Q: As state cuts become more steep, one area that can be affected is extracurricular activities, in particular athletics. Do you foresee cuts to athletics if these budget cuts continue?
A: World-class schools provide opportunities for students with diverse interests and talents to develop relevant, 21st-century skills.
For that reason, I do not foresee cuts to athletics. As a former high school swimmer and volleyball player, I know that participation in sports develops skills like teamwork, leadership and resilience, all of which serve our graduates well in college, career and life.
With that, the district must also ensure that we protect and promote other high-quality academic programs and extracurricular activities that develop students’ 21st-century skills. When I was a student at McClintock High School, the arts program and debate team made education relevant to my life and interests. I have also worked with young people and I have seen firsthand how their participation in robotics clubs and business clubs help them grow in their desired interest areas. This strengthens my belief that the extracurricular activities offered by our schools are integral in preparing students for their futures and must be responsibly protected in our budget.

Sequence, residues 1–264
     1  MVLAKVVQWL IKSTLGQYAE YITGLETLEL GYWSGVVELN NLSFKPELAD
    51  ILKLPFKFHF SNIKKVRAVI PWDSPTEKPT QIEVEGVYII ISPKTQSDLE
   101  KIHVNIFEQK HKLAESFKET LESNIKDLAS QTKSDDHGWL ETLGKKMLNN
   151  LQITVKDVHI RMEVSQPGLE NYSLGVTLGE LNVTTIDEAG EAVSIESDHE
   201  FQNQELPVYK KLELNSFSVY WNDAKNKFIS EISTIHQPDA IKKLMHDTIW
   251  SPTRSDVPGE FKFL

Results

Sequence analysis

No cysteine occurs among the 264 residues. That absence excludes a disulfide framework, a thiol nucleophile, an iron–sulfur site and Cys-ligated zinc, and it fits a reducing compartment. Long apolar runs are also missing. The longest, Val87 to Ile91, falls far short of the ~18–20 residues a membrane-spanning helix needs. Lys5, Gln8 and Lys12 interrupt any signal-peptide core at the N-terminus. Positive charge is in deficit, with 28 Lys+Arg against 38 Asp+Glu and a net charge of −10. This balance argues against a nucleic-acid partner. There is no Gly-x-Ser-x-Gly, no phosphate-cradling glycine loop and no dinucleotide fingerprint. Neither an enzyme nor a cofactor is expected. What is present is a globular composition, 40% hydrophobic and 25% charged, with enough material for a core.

Maricopa County residents will decide next month the role the county should play in Arizona’s health care system, which is already affected by state and federal health care programs.
The Ahwatukee Foothills Chamber of Commerce has announced the nominees for the 2014 Palo Verde Women in Business Award.
I grew up during the era of the video game. I had the good fortune to be a kid at the time Nintendo hit the market. This was long before the Xbox and PlayStation. This was when controllers were rectangles and buttons were few. My experience was unique to what my parents had growing up. Most games were shockingly simple, especially by today’s standards. But one game in particular stands out to me all these years later.
Tempe Elementary School District parents who represent a variety of languages can take a free class to learn English.